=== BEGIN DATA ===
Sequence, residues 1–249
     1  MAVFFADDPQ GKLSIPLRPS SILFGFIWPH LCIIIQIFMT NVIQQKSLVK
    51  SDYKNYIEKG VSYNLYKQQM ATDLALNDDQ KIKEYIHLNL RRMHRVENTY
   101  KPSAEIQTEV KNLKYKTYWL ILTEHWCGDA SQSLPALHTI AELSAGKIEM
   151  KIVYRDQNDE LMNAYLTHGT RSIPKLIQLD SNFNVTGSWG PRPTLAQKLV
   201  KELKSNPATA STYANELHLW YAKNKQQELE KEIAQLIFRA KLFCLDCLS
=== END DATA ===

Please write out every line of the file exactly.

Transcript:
Sequence, residues 1–249
     1  MAVFFADDPQ GKLSIPLRPS SILFGFIWPH LCIIIQIFMT NVIQQKSLVK
    51  SDYKNYIEKG VSYNLYKQQM ATDLALNDDQ KIKEYIHLNL RRMHRVENTY
   101  KPSAEIQTEV KNLKYKTYWL ILTEHWCGDA SQSLPALHTI AELSAGKIEM
   151  KIVYRDQNDE LMNAYLTHGT RSIPKLIQLD SNFNVTGSWG PRPTLAQKLV
   201  KELKSNPATA STYANELHLW YAKNKQQELE KEIAQLIFRA KLFCLDCLS